Super User is a question and answer site for computer enthusiasts and power users. It's 100% free, no registration required.

Sign up
Here's how it works:
  1. Anybody can ask a question
  2. Anybody can answer
  3. The best answers are voted up and rise to the top

The first 16 bits in a tcp header, (rfc793), are for the source port, right? The next 16 are for the destination port. When I run tcpdump -xx I can recognise MAC addresses of boxes on my system. Does this mean that the "ports" are MAC addresses?

share|improve this question
What is the switch -xx doing?, I only see -x and -X in the man page for tcpdump. The only switches I see that support multiple copies are v, t, n, and d – Scott Chamberlain Oct 31 '12 at 17:16
@ScottChamberlain: Which version of tcpdump are you using? 4.3.0 has -xx. – grawity Oct 31 '12 at 17:19
@grawity I don't have my box near me right now so I just googled it and got here – Scott Chamberlain Oct 31 '12 at 17:21
@ScottChamberlain: That one is from 2002. The latest version is on the official website. – grawity Oct 31 '12 at 17:29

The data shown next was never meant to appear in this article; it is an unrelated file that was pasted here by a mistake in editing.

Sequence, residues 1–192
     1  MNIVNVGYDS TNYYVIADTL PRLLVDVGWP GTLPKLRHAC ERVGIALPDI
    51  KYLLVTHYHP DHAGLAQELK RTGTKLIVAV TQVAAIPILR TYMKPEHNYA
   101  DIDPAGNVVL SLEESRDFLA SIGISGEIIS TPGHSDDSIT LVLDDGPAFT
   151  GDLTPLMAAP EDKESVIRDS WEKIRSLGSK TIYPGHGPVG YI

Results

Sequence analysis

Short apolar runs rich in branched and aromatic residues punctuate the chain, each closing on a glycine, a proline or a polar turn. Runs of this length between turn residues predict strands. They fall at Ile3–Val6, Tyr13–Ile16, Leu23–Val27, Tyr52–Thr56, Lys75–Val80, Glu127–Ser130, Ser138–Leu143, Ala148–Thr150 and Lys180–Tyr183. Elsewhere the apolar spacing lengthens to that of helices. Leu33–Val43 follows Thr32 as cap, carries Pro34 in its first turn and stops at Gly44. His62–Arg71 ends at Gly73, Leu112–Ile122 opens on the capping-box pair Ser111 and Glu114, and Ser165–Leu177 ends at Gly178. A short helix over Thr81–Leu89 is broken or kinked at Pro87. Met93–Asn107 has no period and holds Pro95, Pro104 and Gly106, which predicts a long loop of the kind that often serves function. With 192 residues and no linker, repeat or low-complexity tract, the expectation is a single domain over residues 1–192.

No, they aren't.

Regardless of its name, tcpdump captures packets at the lowest possible level – it doesn't limit itself to just TCP.

When you use -xx, tcpdump outputs the link layer header of all packets, so the first 4 bytes of the output aren't TCP – they are part of the Ethernet frame.

Even with plain -x, tcpdump would print the IP header before TCP/UDP.

If you want to see the packet structure, use Wireshark instead – it will display every packet as a tree, and highlight the specific bytes for every value.

share|improve this answer
Great! So it looks like I was using the wrong options and was getting the link layer include. – jayeola Oct 31 '12 at 17:24

Your Answer


By posting your answer, you agree to the privacy policy and terms of service.

Not the answer you're looking for? Browse other questions tagged or ask your own question.